Penn Researchers Discover “Remote
Control” for Expression
of Human Growth Hormone Gene
Mistakes in Expression Implied in Growth Disorders
(Philadelphia, PA) - Researchers at the University of Pennsylvania
School of Medicine recently discovered a novel mechanism that
works over an extensive genomic distance and controls the expression of
human growth hormone (hGH) in the pituitary gland. This
mechanism involves a newly discovered set of “non-coding RNAs”
expressed in the vicinity of the hGH gene.
By examining the relationship between these non-coding RNAs and the hGH
gene, researchers hope to understand how these remote regions impact hGH
gene expression and dysfunction. Such insight may aid researchers in the
development of therapeutics for growth hormone defects and lead to a greater
understanding of the causes of other genetic disorders.
The human genome is comprised of both non-coding DNA and coding regions,
or genes. While researchers once believed that only genes were transcribed
into messenger RNA (mRNA), investigators have recently discovered that
non-coding DNA is copied into mRNA as well. Unlike coding mRNAs, which
are translated into functional proteins and peptides, the function of
most non-coding RNAs is unclear. Although non-coding RNAs fail to produce
functional proteins, researchers believe that in some cases these RNAs
may control gene expression.
Using a genetically modified mouse model, Nancy E. Cooke, MD,
Stephen A. Liebhaber, MD, Professors of Genetics and
Medicine, and colleagues, demonstrated a critical role of two non-coding
regions on the activation of the hGH gene. They described
their recent findings in the August issue of Molecular Cell.
Synthesized by the pituitary gland, human growth hormone activates growth
and cell reproduction. In addition to serving as a major contributor to
height growth during childhood, hGH plays a role in strengthening
bones and increasing muscle mass throughout life. While mutations to the
hGH gene often lead to abnormal growth in children and
adults, these mutations have provided researchers with key clues regarding
the genomic areas that appear to control expression of the hGH
Previous work in the laboratories of Cooke and Liebhaber found that the
hGH gene is controlled by a non-coding DNA region, or
locus control region. Remarkably, this region is located more than 14,000
base pairs away from the hGH gene. At the genomic level,
a 14,000 base-pair separation is equal to the size of 10 growth hormone
genes lined end to end. “The effects of the locus control region
on human growth hormone expression is as if you turn a key in the lock
of a house at one end of your street, and find that this action opens
the lock and door of a house a block away,” notes Liebhaber.
By carefully analyzing the 14,000 base pairs separating the hGH
gene and its locus control region, co-authors Yugong Ho, PhD,
an Instructor of Genetics at Penn and a Cooke/Liebhaber lab member, and
Felice Elefant, PhD, Assistant Professor at Drexel University and former
member of the Cooke/Liebhaber lab, found that the locus control region
was copied into RNA, and discovered a gene called CD79b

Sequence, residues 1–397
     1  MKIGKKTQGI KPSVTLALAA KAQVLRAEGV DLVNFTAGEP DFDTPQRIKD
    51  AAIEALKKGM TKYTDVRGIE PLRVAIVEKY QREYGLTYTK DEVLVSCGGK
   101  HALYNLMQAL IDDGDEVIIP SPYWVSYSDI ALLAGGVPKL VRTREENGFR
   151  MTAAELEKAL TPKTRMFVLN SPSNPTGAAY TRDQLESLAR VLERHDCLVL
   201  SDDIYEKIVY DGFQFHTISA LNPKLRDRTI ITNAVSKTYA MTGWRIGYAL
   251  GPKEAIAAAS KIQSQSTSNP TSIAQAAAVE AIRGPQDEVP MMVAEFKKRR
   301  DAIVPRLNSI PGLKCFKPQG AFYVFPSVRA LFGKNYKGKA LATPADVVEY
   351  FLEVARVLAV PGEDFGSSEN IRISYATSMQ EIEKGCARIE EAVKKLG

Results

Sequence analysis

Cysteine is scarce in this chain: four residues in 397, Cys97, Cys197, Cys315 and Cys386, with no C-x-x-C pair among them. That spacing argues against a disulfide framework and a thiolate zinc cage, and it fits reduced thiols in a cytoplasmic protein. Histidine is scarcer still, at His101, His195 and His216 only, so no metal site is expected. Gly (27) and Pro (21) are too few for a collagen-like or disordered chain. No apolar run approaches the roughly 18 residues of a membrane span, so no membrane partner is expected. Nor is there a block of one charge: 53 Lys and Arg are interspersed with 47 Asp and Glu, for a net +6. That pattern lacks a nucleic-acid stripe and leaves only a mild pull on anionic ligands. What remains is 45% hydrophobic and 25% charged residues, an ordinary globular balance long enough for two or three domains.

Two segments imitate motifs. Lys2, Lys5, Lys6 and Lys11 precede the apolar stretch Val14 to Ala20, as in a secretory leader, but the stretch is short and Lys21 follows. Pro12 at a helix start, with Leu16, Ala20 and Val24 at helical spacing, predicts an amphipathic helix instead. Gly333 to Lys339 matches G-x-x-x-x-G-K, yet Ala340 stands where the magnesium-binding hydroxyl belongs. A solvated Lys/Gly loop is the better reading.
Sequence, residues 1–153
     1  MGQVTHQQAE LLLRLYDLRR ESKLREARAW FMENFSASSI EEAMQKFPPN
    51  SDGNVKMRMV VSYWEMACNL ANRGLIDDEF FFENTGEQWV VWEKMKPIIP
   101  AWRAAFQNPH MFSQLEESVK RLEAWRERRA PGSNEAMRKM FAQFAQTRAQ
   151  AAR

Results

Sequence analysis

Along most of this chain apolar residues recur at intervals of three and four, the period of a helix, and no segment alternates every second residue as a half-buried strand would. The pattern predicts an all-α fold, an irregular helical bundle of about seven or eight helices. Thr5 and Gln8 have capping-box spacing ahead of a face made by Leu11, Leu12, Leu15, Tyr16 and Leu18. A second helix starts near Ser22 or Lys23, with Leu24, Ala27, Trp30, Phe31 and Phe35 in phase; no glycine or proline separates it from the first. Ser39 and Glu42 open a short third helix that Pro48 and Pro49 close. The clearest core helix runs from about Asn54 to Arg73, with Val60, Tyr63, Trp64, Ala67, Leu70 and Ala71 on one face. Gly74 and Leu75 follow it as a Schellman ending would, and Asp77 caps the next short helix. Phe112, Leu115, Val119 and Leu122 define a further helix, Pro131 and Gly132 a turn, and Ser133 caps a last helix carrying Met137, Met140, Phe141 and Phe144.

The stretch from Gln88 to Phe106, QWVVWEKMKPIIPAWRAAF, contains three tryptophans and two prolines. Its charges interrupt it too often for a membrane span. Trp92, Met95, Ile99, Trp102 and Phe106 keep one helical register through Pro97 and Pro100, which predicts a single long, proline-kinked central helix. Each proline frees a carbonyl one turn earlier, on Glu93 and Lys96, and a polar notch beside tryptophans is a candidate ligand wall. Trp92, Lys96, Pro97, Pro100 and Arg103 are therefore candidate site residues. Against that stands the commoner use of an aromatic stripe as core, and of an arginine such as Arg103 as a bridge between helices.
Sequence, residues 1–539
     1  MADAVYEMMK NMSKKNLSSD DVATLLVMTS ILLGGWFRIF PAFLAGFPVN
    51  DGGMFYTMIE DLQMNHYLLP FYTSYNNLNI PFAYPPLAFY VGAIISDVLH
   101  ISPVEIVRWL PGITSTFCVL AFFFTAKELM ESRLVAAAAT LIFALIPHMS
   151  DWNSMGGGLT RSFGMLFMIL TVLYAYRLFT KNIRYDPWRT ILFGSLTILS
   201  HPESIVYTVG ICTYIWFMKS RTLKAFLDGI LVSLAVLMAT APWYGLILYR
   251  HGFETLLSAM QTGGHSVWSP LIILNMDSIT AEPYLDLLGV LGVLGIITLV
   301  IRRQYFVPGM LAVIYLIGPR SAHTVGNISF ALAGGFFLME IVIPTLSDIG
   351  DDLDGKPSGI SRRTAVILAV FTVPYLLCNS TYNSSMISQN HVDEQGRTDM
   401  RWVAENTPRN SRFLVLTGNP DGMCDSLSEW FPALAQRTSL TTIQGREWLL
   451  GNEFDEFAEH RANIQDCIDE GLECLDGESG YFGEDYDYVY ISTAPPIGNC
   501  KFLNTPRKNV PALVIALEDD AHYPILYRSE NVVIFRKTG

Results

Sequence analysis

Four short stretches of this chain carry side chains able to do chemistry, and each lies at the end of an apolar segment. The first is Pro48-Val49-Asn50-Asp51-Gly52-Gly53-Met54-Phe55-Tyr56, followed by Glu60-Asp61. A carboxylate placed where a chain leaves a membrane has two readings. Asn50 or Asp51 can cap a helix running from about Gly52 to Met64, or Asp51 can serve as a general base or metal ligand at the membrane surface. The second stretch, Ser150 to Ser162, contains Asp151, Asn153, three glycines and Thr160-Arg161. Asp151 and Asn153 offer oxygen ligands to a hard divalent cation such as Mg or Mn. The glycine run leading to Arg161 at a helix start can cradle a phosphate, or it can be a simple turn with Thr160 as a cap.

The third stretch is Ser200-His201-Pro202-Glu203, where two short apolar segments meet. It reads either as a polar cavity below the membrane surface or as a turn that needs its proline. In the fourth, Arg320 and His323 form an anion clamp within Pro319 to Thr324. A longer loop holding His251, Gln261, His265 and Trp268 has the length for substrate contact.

within this region. Remarkably this CD79b gene was also
copied into RNA in the pituitary. While the CD79b gene
normally codes for a protein in blood lymphocytes, researchers discovered
that CD79b appears to play a very different role in the pituitary
gland. Here, CD79b was actively transcribed into mRNA, but this
mRNA failed to translate into a functional protein. Instead, the non-coding
RNA was suspected to play a role in hGH gene regulation.
In order to determine whether the CD79b RNA in the pituitary
gland served a function, Ho inserted a segment of human DNA that included
hGH, the hGH locus control region, and CD79b
into a group of mice. As a result, the transgenic mice expressed high
levels of human growth hormone in the pituitary as well as mouse growth
hormone. To test whether the transcription of the locus control region
and CD79b played a significant role in hGH expression
in transgenic mice, Ho then inserted a special piece of DNA into the locus
control region. This DNA insertion specifically blocked the copying of
the CD79b gene into RNA in the pituitary. This blockade led to
the five-fold repression of hGH gene expression. These findings
confirm that the CD79b non-coding DNA actively contributes to
hGH expression. The relationship between CD79b, the
hGH locus control region, and the hGH gene may aid researchers
in the development of treatments for patients suffering from hGH
“Our data predict that a subset of children with short stature and
low growth hormone may be suffering from a mutation in the hGH
locus control region, which blocks full levels of hGH gene activity,”
explains Ho. “We are now actively screening the appropriate clinical
populations for such genetic defects.”
In the future, Cooke, Liebhaber, and Ho will continue to search for how
transcription contributes to long-range activation of hGH gene
expression through the development of new transgenic mouse models and
the biochemical analysis of the hGH locus.
“By understanding how non-coding DNA functions at the human growth
hormone locus, researchers may be able to identify similar situations
at other genetic loci,” says Liebhaber.
“With every step forward in understanding how genes are expressed,
we increase our awareness of how naturally occurring and acquired mutations
interfere with this process,” adds Cooke. “Our research sets
the groundwork for advances in diagnosis and eventual treatment of genetic
These studies were funded by the National Institutes of Health.
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